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Elder Planning Isn't Just For The Elderly

How early should you start planning for long-term care?

The older you get, the more likely it is that you may experience a condition that could necessitate long-term care, whether in the community or in a skilled nursing facility. Suffering from Alzheimer’s disease, severe arthritis or certain disabilities are just a few circumstances that can render long-term care for an individual necessary.

Long-term care refers to the treatments that make life more comfortable for individuals with permanent medical conditions. Though younger adults are not as likely to need this type of care, the question remains as to when you should start your own long-term care planning.

What is the best age to start long-term care planning?

While there is no one-size-fits-all answer for creating a long-term care plan, the reality is that it is never too early to start. The Administration for Community Living estimates that 70% of adults age 65 or older will need some degree of long-term care, but you can begin saving for this eventuality as early as your 20s.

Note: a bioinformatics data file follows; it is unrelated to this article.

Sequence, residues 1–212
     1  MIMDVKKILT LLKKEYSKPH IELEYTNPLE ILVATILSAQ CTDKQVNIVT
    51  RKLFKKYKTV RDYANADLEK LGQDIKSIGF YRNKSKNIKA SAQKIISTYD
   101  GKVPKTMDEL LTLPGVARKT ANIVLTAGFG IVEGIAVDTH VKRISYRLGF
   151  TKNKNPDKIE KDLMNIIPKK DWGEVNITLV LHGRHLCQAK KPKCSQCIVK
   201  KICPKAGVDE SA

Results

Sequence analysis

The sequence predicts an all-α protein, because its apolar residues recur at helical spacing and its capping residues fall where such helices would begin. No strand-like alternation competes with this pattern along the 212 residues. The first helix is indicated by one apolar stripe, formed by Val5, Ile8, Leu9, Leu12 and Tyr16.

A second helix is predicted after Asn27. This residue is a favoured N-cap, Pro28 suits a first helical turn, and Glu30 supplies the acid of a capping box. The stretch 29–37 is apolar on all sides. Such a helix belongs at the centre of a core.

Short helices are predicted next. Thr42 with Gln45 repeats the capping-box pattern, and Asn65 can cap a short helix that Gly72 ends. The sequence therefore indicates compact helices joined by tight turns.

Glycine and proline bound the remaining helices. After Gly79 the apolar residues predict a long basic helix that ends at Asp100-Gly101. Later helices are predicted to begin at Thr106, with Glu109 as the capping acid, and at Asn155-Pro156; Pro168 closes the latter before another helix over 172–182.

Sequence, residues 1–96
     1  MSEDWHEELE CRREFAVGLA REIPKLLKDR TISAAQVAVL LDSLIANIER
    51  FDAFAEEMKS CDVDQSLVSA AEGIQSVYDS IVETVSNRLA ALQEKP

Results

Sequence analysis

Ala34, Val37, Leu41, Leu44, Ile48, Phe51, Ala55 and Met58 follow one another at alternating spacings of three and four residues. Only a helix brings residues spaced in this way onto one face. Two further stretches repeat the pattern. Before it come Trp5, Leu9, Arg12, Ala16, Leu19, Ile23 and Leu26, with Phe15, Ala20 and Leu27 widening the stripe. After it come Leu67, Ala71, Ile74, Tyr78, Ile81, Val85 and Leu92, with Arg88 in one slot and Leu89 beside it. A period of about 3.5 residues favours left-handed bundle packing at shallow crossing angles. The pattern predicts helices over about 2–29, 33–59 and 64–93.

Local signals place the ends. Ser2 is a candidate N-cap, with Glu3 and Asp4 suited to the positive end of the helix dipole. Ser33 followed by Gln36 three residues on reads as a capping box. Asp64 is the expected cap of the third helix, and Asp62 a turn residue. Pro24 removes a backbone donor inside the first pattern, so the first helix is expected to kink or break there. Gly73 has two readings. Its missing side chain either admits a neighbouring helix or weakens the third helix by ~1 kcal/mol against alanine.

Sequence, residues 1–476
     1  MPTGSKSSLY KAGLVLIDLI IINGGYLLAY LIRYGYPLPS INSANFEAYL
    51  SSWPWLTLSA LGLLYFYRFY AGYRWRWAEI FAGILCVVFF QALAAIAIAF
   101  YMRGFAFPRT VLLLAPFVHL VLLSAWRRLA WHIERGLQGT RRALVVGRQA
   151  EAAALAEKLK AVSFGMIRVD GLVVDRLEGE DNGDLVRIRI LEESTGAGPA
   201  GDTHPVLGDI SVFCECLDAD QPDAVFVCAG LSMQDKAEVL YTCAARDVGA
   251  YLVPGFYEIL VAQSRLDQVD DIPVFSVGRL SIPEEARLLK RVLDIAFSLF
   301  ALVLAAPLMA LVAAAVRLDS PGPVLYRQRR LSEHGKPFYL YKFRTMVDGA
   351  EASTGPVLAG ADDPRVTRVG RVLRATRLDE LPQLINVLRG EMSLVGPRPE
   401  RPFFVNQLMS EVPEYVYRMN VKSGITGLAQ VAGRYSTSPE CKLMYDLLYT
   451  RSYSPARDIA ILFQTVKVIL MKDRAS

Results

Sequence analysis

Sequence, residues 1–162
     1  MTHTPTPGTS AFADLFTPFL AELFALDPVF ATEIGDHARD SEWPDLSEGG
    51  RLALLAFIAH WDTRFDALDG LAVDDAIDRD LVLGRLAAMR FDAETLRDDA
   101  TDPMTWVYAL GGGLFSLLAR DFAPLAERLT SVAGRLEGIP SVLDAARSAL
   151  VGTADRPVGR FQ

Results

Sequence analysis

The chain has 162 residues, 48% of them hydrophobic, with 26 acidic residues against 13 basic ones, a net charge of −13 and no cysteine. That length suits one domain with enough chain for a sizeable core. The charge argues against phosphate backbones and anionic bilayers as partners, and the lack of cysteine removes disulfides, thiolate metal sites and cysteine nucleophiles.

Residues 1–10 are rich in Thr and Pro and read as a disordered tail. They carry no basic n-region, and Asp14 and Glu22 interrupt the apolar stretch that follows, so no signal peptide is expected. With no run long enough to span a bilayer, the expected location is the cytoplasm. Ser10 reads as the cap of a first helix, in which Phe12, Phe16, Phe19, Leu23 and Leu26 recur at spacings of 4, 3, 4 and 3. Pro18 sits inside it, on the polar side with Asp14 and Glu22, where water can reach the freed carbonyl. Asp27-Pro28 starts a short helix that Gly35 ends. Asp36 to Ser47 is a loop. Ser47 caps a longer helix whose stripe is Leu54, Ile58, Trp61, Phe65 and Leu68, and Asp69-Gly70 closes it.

How can you prepare for long-term care early in life?

Long-term care might be the last thing on a young adult’s mind, but making the right kinds of preparations early can minimize the risk of a worst-case scenario later in life. If you are earning income, you can make contributions to a pension plan or IRA. Paying off the mortgage on your home is another way to prepare, which means sticking to a strict repayment plan in your early years of homeownership.

You can start basic long-term care planning in your 20s but should adopt a more involved strategy as you approach your 60s and beyond. Proper planning ensures a lesser burden on yourself and your loved ones when the need for involved care becomes unavoidable.


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